WORD COURT ARCHIVES

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September 8th, 2004

He when it means she / proven vs. proved

by Barbara Wallraff


Yolanda Thomas, of Harper Woods, Mich., writes: “I disagree with your response, in a recent column, to a woman who asked for a third-person-singular pronoun to refer to people of unknown gender. We have one: It is ‘he.’ An example: ‘He who hesitates is lost.’ A similar thing has happened to ‘man.’ ‘Man’ has as its secondary sense ‘any adult person.’ An example: ‘Man does not live by bread alone.’

“This slide away from common English usage is due to feminists who discovered sexism in grammar that is centuries old and in which no sexism existed. I hope someday soon we can reclaim our language.”


Dear Yolanda: I used to share your view that “he” and “man” can refer neutrally to any person. Then one day about 15 years ago I taught a session of a summer program for college graduates who wanted to work in publishing. I told the class something like what you just told me: I’d been brought up believing that “he” could mean me, and I didn’t feel excluded by the word. Several students -- young men as well as women -- stood up and angrily denounced me. That’s when I realized that this battle has been lost.

A person who uses “he” -- or “man” -- generically now is liable to make readers or listeners mad. Either that, or the person will come across as being out of touch. Note that your example sentences are time-honored maxims whose language seems old. If we come up with a new sentence containing a generic “he” -- for instance, “Someone who wants his ideas to be taken seriously should be careful how he phrases things” -- it does sound biased in favor of men. As for “man,” have you heard this other time-honored maxim containing the word: “‘Man’ embraces ‘woman’”? This is supposed to mean that ‘man’ can refer to a person of either sex -- but hey, come on! No smirking, please.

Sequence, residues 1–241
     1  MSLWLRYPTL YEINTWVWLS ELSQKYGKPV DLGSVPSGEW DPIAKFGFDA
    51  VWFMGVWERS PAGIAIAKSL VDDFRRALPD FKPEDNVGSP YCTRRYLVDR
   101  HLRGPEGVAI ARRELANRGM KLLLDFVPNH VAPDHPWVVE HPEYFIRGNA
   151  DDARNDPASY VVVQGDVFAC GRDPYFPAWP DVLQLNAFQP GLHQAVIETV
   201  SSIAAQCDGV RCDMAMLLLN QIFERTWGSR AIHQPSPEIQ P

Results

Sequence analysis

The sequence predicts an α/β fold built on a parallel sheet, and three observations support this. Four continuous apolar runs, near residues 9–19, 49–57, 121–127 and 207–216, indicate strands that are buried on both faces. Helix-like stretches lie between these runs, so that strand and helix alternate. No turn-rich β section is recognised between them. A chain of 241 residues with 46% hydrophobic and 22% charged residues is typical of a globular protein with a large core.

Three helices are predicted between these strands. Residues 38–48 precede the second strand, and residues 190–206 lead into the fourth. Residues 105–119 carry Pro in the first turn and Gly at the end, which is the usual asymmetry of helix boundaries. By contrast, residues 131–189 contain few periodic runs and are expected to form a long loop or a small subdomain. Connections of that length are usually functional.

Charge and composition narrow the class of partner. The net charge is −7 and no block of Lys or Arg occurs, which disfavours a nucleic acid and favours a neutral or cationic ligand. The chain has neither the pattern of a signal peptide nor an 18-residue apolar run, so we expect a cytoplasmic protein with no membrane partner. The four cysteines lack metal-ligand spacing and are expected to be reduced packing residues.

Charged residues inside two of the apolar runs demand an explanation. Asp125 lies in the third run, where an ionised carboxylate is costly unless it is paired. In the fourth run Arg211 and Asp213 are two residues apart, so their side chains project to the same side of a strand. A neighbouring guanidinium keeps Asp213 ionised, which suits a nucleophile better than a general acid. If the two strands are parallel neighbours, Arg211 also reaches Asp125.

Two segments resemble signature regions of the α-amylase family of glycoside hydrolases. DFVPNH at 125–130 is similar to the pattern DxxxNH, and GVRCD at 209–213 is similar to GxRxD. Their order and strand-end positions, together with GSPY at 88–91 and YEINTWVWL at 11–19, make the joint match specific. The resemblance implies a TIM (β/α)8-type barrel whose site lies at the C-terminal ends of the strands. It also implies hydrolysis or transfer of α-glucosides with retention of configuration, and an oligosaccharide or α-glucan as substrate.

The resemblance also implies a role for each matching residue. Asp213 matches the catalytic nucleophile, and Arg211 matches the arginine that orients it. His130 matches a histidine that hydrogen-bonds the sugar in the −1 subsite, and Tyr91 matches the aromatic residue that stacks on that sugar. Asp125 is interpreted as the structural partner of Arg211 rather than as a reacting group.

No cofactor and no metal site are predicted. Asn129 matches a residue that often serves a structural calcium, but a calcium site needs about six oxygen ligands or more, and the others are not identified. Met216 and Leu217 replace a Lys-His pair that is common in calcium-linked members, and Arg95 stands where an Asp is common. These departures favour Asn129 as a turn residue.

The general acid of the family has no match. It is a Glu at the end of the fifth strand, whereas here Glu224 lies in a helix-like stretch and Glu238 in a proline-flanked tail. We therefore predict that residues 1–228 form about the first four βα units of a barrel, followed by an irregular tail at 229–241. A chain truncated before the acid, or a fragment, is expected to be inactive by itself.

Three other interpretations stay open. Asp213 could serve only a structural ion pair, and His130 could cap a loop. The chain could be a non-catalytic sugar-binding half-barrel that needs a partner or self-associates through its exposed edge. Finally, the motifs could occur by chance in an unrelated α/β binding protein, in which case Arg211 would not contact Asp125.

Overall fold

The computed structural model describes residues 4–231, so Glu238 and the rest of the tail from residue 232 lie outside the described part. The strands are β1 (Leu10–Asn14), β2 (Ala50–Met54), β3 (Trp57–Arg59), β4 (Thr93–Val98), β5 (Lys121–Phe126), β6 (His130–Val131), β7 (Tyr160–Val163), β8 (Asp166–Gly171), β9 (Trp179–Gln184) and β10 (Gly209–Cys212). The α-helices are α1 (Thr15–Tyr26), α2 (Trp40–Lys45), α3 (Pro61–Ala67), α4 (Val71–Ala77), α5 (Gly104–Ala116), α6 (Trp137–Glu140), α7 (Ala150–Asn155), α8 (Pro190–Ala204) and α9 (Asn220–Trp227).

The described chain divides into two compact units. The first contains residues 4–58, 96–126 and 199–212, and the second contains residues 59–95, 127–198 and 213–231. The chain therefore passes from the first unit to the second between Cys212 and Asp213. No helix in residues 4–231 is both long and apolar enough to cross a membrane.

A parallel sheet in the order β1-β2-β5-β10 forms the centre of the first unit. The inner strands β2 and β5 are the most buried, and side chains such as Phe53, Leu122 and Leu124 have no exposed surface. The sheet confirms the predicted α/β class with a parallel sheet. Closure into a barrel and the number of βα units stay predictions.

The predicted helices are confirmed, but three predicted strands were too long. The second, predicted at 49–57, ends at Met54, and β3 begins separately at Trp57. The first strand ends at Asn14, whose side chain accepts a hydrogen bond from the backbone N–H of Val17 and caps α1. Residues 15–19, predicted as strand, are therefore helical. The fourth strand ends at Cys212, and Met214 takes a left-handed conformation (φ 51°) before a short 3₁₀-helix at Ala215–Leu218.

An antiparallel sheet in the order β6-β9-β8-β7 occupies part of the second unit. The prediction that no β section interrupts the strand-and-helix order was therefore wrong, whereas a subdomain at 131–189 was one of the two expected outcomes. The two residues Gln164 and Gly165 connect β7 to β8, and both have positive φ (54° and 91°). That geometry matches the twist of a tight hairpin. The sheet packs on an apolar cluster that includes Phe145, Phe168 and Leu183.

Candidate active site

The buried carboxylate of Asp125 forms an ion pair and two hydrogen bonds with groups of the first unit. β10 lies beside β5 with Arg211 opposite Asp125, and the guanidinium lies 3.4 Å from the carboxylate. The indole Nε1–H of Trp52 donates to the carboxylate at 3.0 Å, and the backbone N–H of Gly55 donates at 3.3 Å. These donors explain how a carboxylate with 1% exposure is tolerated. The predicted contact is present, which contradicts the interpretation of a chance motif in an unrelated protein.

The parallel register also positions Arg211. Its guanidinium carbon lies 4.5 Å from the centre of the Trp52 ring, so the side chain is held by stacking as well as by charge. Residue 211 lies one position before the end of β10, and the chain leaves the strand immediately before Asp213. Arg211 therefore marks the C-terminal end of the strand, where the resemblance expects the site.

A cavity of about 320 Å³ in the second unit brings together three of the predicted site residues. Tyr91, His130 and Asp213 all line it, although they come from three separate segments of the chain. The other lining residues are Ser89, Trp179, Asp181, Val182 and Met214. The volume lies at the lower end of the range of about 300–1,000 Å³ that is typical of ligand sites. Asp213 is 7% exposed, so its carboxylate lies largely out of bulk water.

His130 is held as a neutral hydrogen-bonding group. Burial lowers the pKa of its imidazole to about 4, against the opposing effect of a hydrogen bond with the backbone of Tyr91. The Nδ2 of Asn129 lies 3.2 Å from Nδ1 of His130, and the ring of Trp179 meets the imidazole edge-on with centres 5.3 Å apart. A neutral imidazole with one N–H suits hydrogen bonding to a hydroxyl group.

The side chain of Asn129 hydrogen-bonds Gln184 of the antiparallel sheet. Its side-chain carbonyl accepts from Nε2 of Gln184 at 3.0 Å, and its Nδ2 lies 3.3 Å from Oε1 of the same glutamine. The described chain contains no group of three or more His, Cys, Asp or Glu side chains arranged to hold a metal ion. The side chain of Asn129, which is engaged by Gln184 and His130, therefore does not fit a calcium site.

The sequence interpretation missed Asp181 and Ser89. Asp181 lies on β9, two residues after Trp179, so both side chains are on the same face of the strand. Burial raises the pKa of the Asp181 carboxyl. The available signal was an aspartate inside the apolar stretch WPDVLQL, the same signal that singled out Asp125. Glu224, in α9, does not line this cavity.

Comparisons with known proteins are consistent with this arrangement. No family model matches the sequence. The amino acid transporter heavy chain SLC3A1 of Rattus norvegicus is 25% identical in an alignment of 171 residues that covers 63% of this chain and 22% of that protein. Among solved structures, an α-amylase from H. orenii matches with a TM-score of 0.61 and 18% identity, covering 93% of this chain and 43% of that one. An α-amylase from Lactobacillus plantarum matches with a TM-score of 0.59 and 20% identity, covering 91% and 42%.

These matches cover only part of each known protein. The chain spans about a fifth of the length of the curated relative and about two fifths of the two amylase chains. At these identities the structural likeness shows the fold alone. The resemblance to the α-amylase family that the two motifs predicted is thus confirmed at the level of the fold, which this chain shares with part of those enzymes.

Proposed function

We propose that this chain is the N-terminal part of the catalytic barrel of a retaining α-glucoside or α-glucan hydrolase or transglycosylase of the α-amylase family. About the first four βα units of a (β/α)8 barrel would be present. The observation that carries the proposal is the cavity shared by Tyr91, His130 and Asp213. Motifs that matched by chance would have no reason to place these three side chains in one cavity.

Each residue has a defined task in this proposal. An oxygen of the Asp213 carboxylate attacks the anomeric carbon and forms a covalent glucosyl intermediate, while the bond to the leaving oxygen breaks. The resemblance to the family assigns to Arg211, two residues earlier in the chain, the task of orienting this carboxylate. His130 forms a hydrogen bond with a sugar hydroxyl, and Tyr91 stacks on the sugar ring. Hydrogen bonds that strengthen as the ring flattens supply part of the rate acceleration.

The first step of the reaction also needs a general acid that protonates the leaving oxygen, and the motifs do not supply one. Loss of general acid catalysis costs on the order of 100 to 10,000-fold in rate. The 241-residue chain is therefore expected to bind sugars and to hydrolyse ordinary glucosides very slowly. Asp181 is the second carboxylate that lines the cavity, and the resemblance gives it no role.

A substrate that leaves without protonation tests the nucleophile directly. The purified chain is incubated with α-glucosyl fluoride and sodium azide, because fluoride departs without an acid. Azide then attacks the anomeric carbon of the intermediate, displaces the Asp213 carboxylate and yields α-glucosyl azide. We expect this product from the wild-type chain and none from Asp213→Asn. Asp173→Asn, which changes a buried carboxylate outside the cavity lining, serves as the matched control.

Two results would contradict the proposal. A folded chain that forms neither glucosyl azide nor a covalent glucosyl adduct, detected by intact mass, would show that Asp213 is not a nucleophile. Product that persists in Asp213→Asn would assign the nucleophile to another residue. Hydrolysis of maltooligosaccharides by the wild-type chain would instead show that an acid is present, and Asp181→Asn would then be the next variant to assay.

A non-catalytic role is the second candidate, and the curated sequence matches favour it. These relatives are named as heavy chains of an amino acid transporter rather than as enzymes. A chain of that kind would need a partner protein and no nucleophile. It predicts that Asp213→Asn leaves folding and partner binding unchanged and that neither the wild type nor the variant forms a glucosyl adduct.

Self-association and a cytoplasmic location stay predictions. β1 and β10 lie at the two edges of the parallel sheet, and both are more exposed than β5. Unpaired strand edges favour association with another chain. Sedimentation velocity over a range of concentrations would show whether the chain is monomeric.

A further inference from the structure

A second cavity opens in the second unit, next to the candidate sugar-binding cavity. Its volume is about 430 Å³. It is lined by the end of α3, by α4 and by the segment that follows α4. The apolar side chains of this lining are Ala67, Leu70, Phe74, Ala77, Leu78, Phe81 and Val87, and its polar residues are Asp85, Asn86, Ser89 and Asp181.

Of course you’re right that time was, “he” and “man” used generically weren’t considered sexist. Time was, too, it wasn’t considered sexist to award female college students just a small fraction as many sports scholarships as were given to males; to hire women as secretaries and assistants but scarcely ever as lawyers or editors or stockbrokers; to keep them out of the military and the police force; or even to deny them the vote. None of these things, in their day, struck the average person as biased. But life changes -- and with it, so does language.




Brad Bolender, of Iowa City, Iowa, writes: “It seems that the words ‘proved’ and ‘proven’ are both correct in certain contexts. Can you tell me when to use each of them?”


Dear Brad: You bet. When the word comes before a noun, use “proven”: “a proven formula.” Also use “proven” in the legal phrase “innocent until proven guilty.” Anywhere else where you’re not sure which to use, use “proved.” “We were proved right.” “Has he proved his point?” In contexts like these, “proved” is traditional. People may object if you use “proven” instead, but nobody should find fault with “proved.”




© Copyright 2003 by Barbara Wallraff. Reprints require prior permission. All rights reserved.

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